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Actress's 'disappearance' in China puts focus on 'alien' judiciary system

In this March 21, 2017, file photo, Chinese actress Fan Bingbing poses after winning the Best Actress Award of the Asian Film Awards in Hong Kong. (AP Photo/Kin Cheung, File)

China took its first step to become a trading giant paralleling the United States when it joined the World Trade Organization in November 2001. Back then in China, a buzzword was "guo ji jie gui," meaning "linking up with the international track." The expression represented the rationale that commercial customs and product quality that were only acceptable in China should be aligned with international standards.

Last year, China's total global trade exceeded 4 trillion dollars -- eight times the figure recorded 17 years ago. This can be said as an achievement coming out of "guo ji jie gui." This linkup with international standards, however, is not proceeding in the fields of politics and justice.

One recent reminder of this in China is the "disappearance" of Fan Bingbing, a famous Chinese actress active in Hollywood and elsewhere.

Fan appeared in Chinese films playing the role of Yang Guifei, an eighth century imperial consort known for her exceptional beauty. She is also featured in the X-Men series of U.S. science fiction films and Japanese TV commercials.

Fan was chosen as one of the jurors in the Cannes Film Festival in France last year, and showed up in this year's festival in May in a gorgeous dress. But later in the month, online criticism began to pop up about her alleged failure to report massive performance fees to tax authorities, and new entries on her blog stopped appearing. Fan turned 37 on Sept. 16, but she still remains in a state of incommunicado.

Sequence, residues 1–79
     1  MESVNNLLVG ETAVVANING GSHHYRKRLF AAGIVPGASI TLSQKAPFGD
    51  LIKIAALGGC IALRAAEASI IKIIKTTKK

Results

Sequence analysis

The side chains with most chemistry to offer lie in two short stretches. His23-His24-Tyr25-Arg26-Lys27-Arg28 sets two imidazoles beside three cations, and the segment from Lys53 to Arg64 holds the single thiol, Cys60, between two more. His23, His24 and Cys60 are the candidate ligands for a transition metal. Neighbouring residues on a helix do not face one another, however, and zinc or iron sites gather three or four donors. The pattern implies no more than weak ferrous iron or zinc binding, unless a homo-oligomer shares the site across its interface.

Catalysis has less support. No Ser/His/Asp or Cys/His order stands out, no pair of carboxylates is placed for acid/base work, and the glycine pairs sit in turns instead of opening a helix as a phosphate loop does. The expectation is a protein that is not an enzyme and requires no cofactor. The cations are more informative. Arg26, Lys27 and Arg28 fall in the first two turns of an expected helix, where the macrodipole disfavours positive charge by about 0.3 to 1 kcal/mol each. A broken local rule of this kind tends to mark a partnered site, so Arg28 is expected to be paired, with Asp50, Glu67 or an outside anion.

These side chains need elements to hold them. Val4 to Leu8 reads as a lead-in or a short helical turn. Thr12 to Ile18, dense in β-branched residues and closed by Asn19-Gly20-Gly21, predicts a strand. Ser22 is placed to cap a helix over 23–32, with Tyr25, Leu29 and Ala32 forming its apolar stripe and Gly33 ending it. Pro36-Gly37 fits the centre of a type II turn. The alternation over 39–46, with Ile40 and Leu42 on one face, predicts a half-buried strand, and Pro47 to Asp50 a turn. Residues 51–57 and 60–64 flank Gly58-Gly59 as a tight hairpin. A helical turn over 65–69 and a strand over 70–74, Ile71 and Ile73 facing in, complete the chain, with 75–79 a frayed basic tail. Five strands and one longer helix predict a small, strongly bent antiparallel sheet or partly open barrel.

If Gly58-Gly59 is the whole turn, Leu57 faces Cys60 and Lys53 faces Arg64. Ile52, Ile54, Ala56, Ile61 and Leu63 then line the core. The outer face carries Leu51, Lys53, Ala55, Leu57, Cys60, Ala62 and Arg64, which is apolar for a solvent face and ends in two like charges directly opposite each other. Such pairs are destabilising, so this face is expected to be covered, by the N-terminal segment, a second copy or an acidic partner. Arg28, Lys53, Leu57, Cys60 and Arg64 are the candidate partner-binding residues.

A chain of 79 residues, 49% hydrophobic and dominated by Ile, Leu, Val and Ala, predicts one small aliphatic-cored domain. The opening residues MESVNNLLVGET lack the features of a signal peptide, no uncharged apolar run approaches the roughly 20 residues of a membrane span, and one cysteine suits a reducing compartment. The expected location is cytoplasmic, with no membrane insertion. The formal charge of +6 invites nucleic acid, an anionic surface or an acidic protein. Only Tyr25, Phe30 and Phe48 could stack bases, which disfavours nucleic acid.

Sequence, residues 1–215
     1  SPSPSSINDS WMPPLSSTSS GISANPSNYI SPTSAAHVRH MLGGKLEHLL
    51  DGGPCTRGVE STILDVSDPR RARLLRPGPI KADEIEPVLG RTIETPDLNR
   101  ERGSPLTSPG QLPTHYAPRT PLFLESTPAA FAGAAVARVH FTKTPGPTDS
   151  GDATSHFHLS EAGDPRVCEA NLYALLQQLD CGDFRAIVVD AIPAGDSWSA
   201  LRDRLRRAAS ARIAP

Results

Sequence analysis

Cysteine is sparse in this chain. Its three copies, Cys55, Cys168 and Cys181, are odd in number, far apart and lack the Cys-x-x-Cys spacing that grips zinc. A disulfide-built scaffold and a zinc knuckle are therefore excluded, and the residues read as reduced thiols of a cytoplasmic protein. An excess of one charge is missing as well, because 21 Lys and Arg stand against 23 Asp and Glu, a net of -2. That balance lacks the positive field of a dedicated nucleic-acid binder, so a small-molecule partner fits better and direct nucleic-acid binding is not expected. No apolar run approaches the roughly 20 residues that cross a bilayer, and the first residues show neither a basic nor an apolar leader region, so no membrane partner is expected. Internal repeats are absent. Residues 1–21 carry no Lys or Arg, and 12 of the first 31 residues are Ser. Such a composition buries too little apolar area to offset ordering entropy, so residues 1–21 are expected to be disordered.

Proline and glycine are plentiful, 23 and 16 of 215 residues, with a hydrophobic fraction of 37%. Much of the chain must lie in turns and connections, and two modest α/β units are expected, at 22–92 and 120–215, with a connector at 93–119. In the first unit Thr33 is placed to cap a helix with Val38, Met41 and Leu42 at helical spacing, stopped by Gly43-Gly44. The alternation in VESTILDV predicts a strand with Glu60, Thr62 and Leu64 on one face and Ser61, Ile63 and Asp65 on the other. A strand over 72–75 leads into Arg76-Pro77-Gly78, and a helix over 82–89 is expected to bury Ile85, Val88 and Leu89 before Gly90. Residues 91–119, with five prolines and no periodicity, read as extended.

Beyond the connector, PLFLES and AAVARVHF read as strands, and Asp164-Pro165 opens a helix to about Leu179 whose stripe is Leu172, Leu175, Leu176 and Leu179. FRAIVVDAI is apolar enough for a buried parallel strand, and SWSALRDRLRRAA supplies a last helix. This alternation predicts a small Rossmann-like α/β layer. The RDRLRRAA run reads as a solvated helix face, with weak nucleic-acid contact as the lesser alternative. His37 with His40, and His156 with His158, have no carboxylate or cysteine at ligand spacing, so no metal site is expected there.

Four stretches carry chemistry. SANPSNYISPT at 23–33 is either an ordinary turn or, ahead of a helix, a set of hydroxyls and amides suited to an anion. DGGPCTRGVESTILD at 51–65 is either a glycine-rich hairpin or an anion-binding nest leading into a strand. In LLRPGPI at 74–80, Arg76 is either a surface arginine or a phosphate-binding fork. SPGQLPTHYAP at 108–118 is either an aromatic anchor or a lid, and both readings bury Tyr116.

CNN reported on the incident saying it was like an Academy-award winning actress vanished completely with no word about where she was. "It might sound ludicrous, or terrifying, but it's a reality in China," the network said on its website.

This month, a Chinese media outlet reported online that Fan was detained on suspicion of tax evasion and was being questioned by authorities, but the article was soon deleted. A spokesperson for the Chinese Foreign Ministry dodged a question from a foreign reporter about Fan by asking back: "Do you think this is a diplomatic issue?"

But this is a serious issue affecting China's international image.

The judicial process in China is vague and arbitrary. Several people have been detained without clear charges and vanished. The media cannot report on these cases without clearance from authorities. The reality about the Fan affair is that the alien nature of the Chinese judiciary system came to light once again because the target this time was an internationally known actress.

Next year, China will introduce a revision to the income tax code for individuals and some people are complaining that the change may result in tax hikes for some workers. Since Fan's "disappearance," a policy of cracking down on the huge incomes earned by movie stars and their tax evasions was introduced. Speculation is spreading that Fan became a scapegoat to appease an angry public.

The sense of mistrust coming out from the perceived lack of transparency in the judicial process and failure to protect foreign companies' rights in China are behind the growing criticism in the United States against China's intellectual property rights violations. Discourse on "an alien China" will not vanish easily unless a linkup with the global norm proceeds not only in the economic field but also in its judiciary system.

(Japanese original by Kenji Bando, Expert Senior Writer)

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